Visually, De Palma's film is special, virtually every sequence idiosyncratically shot. Watch, for example, how he begins each act with grand brush strokes. In the first, he paints Carrie as a loner, his camera constantly "finding her" outside of the crowd. Epitomizing this is a crane shot which begins high above a girl's volleyball court and ends with the camera swooping down and finding Carrie ostracised from the group. The following scene is a dreamy shower sequence. Here various girls are portrayed as naked nymphs, in touch with their free-flowing sexuality, a far cry from the more repressed Carrie, who is once again alone. De Palma's next shot continues this pattern. We're floating through school hallways, watching kids go by, until we find Carrie, all by herself. When Carrie returns to school the next day, the camera will again probe the classroom, before finding her seated alone at the back.

    With each act of the film, De Palma's camera adapts to reflect changes in Carrie's psychology. Act one, she's a loner at school. Act two, she's oppressed at home by her mother (and God). Act 3, she caught in a tug of war between various female characters. Act 4, Carrie is part of the group. Act 5, Carrie is betrayed by the group. Act 6, Carrie transcends and destroys the group with her newfound powers.

    Each act is shot with an emphasis on different colours and with its own camera language. The crane shots in the first half mirror the crane shots in the prom sequence, only now Carrie is engulfed in crowds of well wishers. When pigs' blood falls upon Carrie, a mean prank which echoes earlier, humiliating menstruation sequences, Carrie is again quickly detached from the group. The film is also book-ended by two symbolic shower scenes. In the first Carrie attains womanhood (and is mocked for it), in the second she revokes it in favour for self-repression. Here she essentially becomes her repressed mother, which De Palma highlights by having Carrie put on her mother's gown.

    But when her mother ALSO turns against her, Carrie is forced to break free. She rejects all these female characters (all the school girls are female archetypes) and blazes her own trail. Say hello to next generation femininity: empowered and answering to no one.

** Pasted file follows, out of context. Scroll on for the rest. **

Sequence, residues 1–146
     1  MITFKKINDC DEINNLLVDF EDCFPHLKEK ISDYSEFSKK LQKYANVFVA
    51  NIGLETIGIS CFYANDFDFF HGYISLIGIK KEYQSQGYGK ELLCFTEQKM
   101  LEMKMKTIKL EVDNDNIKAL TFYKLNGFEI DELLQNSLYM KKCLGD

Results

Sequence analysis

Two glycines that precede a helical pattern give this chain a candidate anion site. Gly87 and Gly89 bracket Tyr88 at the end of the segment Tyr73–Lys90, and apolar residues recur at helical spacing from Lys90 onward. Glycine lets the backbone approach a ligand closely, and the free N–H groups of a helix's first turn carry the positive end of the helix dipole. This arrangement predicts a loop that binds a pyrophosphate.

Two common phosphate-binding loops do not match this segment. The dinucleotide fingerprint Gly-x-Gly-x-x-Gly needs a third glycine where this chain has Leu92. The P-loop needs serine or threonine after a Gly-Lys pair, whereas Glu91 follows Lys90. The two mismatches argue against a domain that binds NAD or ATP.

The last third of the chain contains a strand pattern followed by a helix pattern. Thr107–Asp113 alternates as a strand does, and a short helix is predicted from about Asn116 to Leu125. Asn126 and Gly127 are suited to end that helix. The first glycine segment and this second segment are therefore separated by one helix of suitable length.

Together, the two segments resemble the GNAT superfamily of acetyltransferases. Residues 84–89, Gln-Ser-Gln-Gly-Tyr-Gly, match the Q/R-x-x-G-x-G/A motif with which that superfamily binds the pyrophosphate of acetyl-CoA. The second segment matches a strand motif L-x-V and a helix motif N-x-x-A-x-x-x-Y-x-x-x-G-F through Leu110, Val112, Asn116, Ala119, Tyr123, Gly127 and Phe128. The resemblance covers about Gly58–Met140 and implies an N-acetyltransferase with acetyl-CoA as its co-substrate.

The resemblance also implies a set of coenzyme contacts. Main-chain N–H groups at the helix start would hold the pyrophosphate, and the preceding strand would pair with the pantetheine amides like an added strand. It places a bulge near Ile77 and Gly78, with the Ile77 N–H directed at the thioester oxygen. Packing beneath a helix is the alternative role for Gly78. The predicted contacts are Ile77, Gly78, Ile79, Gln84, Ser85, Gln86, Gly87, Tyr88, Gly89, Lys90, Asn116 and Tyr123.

Carrie's mother is also a fairly interesting character. As Carrie prepares for the prom, her mother prays to herself, sexually rocking back and forth with a rosary. Because the absence of sex in her life is replaced by an exaggerated obsession with spirituality, her repressed sexual energy is released through this hallowed symbol. The rest of the film is similarly awash with sexuality and overt phallic symbols. Close ups of red lips, phallic shower heads, carrots, castration, thin gowns and gym shorts etc.

    What's also interesting is De Palma's use of the famous music shriek from Psycho. Critics accuse De Palma of stealing from Hitch, but the sound effect also makes an interesting statement. Hitchcock's film dealt with an oppressive mother and focused on her damaging effect on her grown son. "Carrie" is a film devoid of men or sons - though a wholly patriarchal religion weights heavily on Carrie - and instead focuses on oppositions within a kind of female collective.

    The film's final scene (a dream sequence), shows the only self sacrificing (she gave up her man to help another woman), conscientious young woman in the picture (Sue), haunted by the actions of both herself and womankind as a whole. Of all the dream sequence endings in De Palma's films - and there are many - this is perhaps the most optimistic.

    8.5/10 - An early De Palma classic.
  • JeffG.14 October 1999
    Warning: Spoilers
    Film adaptions of Stephen King books tend to be either really good or really bad. Thankfully, this movie falls into the former category. In fact, this could be the best King novel-turned film ever.

    At first, this movie seems to be your typical high school film. We're introduced at once to Carrie (Sissy Spacek) and the hellish life that she lives. Everyone at school picks on her and make her life a living hell. As if that wasn't bad enough, she lives with her mother (Piper Laurie) who's a religious fanatic, thinks everything is a sin and regularly locks Carrie in the closet. You can't help but sympathise for her.

    Unknown to everyone, however, Carrie has telekinetic powers. At first, her powers are really underplayed in the film. By the time the prom scene approaches though, they become more and more prominent. Carrie uses them against her mother while waiting for her prom date and then she uses them at the prom in a very destructive manner. The whole prom scene is both scary and sad. Sad because Carrie finally has her moment where it looks like she's finally been accepted only to have it all end in humiliation. And it's scary to see her powers come full circle in such a destructive and deadly manner. The scene where she slowly walks out of the gym as it burns is a really chilling moment.